I feel my role as a parent has deepened in purpose. Not only am I here to feed my children, wash their clothes, and drive them places, but I am here to show them the world and to teach them about the world.  It is much harder to have this role when a child is in school all day.  The child comes home tired from school, and then there are extra-curricular activities and homework.  Home-schooling allows us to be on our own schedule.  Each day is wide open for us to experience and discover things together. I am also learning new things, as I strive to do my best to teach my children.  It is extremely fulfilling.  When pondering in the car whether or not I should home-school, I had this poem come into my mind, "Two roads diverged in a wood, and I, I took the one less traveled by, and that has made all the difference." I believe that God's spirit can direct us for good, if we ask for direction and are open to divine communication.  Every time I have followed the direction God has given me, I have been led down a path that has ultimately been to my greatest advantage.  It may not always be the easiest road, but it is always the one most worth taking.

This past week, Aria learned to knit.

Zade had fun doing a simple knitting loom.
Our first activity of each day is chores!  We try to sing while we clean to make it more fun.

Maple Hill Garden
I feel very blessed to have met friends who also home-school and follow a similar philosophy of thought. This summer the kids have gone once a week to a home-school group run by my friend Katrina.  Katrina knows much more about Waldorf then I, as she has been homeschooling her daughter for many years.  The kids have had fun picking food from her very large garden, including unusual things like various edible flower petals.  They've made delicious salads, and muffins while at her house.  They even pick mint and put it in the water to drink. Here the kids are chopping up food for the salad.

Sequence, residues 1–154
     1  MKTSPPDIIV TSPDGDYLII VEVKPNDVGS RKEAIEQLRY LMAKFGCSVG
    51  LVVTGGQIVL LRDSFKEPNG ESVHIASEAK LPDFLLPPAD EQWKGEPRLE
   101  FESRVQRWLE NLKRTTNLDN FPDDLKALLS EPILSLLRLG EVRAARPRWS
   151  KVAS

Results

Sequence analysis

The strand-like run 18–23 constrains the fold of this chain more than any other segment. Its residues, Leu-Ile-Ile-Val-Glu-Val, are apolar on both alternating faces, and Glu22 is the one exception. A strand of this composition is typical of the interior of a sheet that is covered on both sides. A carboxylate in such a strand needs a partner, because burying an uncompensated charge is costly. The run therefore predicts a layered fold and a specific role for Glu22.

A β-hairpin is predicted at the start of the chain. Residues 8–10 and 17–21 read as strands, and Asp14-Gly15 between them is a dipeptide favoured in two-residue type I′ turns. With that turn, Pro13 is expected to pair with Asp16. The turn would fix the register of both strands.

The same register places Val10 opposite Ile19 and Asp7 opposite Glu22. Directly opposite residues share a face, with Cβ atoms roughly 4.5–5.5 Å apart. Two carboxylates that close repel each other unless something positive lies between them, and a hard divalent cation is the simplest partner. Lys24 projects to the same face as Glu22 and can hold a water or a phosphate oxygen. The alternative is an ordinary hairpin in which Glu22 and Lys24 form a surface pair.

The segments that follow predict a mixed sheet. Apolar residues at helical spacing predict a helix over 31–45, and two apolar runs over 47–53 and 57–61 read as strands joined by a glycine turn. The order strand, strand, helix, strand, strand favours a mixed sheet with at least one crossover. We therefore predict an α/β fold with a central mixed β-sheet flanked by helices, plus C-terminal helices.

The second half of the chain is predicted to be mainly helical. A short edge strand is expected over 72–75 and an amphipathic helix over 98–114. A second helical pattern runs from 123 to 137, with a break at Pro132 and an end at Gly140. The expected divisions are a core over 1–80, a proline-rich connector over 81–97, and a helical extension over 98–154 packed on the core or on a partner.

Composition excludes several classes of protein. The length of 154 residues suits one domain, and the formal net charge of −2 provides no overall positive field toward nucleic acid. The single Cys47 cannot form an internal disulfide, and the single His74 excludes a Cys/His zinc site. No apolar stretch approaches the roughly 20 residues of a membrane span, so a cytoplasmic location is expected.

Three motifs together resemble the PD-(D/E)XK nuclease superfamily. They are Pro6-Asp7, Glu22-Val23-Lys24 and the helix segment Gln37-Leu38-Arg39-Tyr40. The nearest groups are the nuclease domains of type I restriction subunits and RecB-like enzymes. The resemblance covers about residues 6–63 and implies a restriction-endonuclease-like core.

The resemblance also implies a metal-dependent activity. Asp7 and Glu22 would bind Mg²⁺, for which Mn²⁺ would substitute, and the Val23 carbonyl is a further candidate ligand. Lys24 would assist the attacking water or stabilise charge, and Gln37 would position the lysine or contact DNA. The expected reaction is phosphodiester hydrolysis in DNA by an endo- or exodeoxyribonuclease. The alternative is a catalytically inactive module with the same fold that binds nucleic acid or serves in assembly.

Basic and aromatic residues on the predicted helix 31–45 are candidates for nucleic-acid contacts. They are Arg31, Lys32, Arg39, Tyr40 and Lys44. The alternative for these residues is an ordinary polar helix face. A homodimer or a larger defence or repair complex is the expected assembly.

Katrina's home is clean, simple and beautiful.  All of the toys for the children are made out of natural materials like wood, cloth, silk or wool.


KOA Camping
I really wanted to go camping, but given how busy Dane is at work, and how hard it is to go with 3 little kids, we compromised and rented a little KOA cabin out near Butler, PA, approximiately 2.5 hours west of State College.
Now that's what Dane calls camping. :)

We were surprised to find out that the KOA had a bunch of different activities for kids, like a huge bouncing pad, which the kids absolutely loved.  
Ryzen especially liked being bounced into the air by everyone on the bouncer.

Zade was a big fan of the pirate ship playground.

Color Festival
After camping, we headed out to the color festival that was being held in the area.  You basically show up, buy some bags of environmentally-friendly colored powder, which you can throw at each other.  So here's how everything started.  Fairly simple, and clean: 
Then it got a little crazier.
Until everyone started getting really dirty. :)

At various times in the festival they would call everyone together for a "color toss", where people would grab a bunch of colored powder and throw it up into the air.
This got everyone spattered in all sorts of colors.
I don't know if this picture truly does justice to how totally covered in color we all got.
By the end, it was pretty out of control.  Each of us had a good time.